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New way of storing passwords "securely":

1. Open word and write your passwords in plain text
2. Save that word document and open it in notepad
3. Delete a random character but remember which one and in which position & save

Now the document won't be accessible with word and to fix it you have to put back the character you deleted.

Comments
  • 6
    Just rename it to gif
  • 1
  • 3
    Or use Keepass Password safe. Open Source and secure.
  • 0
    @gurumeditation The problem with that is that you only have to change the file extension to have access to the passwords, with my method, you have to change a lot of things before that.
  • 5
    @Plinn KeepAss?
  • 1
    Really, I've just come up with this idea yesterday.
  • 0
    Save it as a txt file and concatenate a zip at it's end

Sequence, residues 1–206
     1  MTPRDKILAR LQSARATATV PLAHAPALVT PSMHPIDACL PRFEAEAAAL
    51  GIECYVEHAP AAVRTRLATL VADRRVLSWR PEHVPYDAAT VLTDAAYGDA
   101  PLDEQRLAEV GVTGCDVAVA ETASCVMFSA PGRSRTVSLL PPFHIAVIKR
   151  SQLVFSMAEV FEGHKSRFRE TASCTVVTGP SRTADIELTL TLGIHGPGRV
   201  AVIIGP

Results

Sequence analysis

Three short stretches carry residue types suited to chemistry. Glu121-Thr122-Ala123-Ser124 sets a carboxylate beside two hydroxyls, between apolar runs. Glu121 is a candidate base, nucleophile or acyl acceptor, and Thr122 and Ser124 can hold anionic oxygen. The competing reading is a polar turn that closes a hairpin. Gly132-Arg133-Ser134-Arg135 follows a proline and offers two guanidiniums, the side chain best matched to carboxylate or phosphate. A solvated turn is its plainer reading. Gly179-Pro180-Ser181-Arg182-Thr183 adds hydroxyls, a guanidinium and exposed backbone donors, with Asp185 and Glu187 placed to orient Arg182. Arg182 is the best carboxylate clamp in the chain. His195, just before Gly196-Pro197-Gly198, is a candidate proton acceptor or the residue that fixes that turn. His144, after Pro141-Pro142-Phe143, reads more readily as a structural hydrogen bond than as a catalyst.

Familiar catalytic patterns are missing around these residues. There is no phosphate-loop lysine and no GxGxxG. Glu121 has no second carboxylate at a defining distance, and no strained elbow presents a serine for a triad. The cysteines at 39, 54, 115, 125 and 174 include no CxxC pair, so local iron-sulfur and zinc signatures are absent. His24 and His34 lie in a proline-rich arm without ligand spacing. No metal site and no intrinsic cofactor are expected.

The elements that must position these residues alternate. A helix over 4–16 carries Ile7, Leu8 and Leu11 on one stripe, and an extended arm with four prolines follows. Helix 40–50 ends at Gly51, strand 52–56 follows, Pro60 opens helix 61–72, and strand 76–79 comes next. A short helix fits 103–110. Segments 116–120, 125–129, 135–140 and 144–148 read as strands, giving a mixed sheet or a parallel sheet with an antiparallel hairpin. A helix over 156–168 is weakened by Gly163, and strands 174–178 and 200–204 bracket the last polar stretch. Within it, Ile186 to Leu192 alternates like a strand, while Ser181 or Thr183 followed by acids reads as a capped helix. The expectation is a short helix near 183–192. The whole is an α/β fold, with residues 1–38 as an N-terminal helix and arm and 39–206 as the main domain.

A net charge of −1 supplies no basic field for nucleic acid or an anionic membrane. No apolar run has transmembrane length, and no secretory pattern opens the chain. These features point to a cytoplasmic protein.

• 1
    I once wrote a Python script that asks for a txt file and encrypts/decrypts it. I encrypted a private txt file using this script. Then I wrote another Python script that also encrypts/decrypts text files (but using a different approach), and I encrypted the first script file using the second one. Now, when you have to see the original file, you first decrypt the decryption script, and then decrypt it.
  • 1
    @matchesMalone Also included an automatic logger so as to keep track of how which script worked on which file, in case someone decrypts/encrypts the txt file using the wrong decryption script, and the file becomes permanently unreadable.
  • 0
    Just use the proper way like KeePass.
    This is not only error prone, but depending on what you actually do you might either
    A) corrupt the file completely or
    B) leave the file readable despite the change (like if you modify a byte that's not significant or is easily computable based on the rest of the file contents)
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